Padded

Piano keys are made of wood that’s weighted with metal, and faced with plastic in place of what used to be ivory. They are levers. How exactly a musician touches these sticks may or may not alter the physical sound the piano makes.

The cultivation of legato — the binding together of successive tones produced with flexible wrist — is an important aspect of classical piano training.

Some of us wonder about the science of legato, of what we teach and do. How is it that flexible-wrist-resilient-fingers playing is causing the black box to yield the precious sound elixir? Maybe it’s our perception of sound that’s altered with these carefully cultivated gestures? (In helping students, I believe it’s important to listen and not watch as they work on this technique.)

I’ve prescribed playing on a kitchen sponge to discover the combined physical sensation of resistance and giving way that is legato. A padded chair seat will do.

BeuysAJ.jpgPerhaps if piano keys were just made with upholstered key tops? Of course our fingers are themselves “padded.” An awareness of the sensation of their give, a physical sensitivity of the finger tips, may be part of legato, part of “singing” tone, of cantabile playing. In Roland Barthes opinion, the pad of the fingers is “the only erotic part of a pianist’s body.”

To cultivate toneful legato, a colleague tells students to imagine their wrists are moving through a big pot of honey. But unavoidably that mental picture reminds me of Karen Finley’s performance piece in which her skin really was honey-doused.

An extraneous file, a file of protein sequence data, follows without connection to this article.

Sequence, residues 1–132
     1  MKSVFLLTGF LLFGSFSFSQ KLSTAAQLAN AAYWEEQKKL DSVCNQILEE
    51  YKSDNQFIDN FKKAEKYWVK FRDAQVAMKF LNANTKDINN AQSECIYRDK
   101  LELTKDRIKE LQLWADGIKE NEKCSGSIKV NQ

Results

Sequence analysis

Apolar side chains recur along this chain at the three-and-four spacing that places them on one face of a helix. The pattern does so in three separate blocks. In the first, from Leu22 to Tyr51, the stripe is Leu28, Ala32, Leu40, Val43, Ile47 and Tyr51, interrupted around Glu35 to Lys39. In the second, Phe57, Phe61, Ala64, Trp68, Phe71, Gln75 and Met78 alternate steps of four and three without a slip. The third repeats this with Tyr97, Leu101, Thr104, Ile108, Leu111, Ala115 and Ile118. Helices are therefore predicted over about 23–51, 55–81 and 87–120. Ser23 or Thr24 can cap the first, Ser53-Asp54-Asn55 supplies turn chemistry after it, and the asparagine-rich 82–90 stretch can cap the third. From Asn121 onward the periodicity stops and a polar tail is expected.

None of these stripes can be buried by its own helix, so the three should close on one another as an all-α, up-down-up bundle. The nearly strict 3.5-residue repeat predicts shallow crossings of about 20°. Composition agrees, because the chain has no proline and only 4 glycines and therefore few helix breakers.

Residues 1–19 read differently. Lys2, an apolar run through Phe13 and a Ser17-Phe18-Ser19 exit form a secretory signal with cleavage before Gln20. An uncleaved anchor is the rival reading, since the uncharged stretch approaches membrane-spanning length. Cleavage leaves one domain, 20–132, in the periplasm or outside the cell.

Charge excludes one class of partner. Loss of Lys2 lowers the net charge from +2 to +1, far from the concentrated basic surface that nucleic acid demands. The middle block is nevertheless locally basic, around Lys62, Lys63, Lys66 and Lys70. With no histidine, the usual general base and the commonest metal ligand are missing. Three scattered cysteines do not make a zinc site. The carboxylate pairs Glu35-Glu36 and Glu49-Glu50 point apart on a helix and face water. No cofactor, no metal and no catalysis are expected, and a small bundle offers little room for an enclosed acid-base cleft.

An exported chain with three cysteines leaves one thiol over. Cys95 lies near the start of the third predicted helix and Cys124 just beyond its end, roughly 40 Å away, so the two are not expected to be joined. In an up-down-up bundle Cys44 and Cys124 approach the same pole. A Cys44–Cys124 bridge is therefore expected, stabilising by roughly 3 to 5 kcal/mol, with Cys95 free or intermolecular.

Anything for legato.

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Comments

  1. Rotten Pianist says

    The level of obsession among pianists with making their instrument sound less like itself, and more like the voice has always disturbed me. It seems that all musicians have ambitions or aspirations that extend beyond the capabilities of their individual instrument, but when it evolves into a technical instrumentalism I think we take a step away from the music.
    In masterclasses I often hear pianists talk of “tone” which seemed a lazy and inarticulate way of describing why the sound of the piano takes on certain characteristics in a given context. Can you really modify the “tone” of a single note based on the way you depress the key? With very few exceptions, the playing a single note on a piano does not allow much room for “tone”.
    These sorts of discussions come so close to alchemy that while not without value, they are often unproductive.
    All that being said, I am a rotten pianist.
    Bruce Brubaker comments:
    In playing a single key on the piano — you may be right. I was trying to concentrate on connecting two or more notes and not to dwell on the quality of a single tone. This discussion has been going on a while. Otto Ortmann was doing his experiments during the first part of the 20th century…

  2. Boom says

    Shouldn’t the hall acoustics be taken into consideration when trying to produce legato? I would think that the length of sound decay would be of crucial importance, and that there is no uniform “legato technique” that would work in every concert hall. (But I am not a musician, so this is only a speculation.)

  3. says

    My piano teacher used to have “spoon” shaped fingers, that I swore allowed him to produce a sound that was much more delicate, elegant, and smooth sound than my stick skinny fingers. I agree that the touch of the finger can have a significant impact on the resulting sound that is produced from the piano. Still working on it…
    -Theresa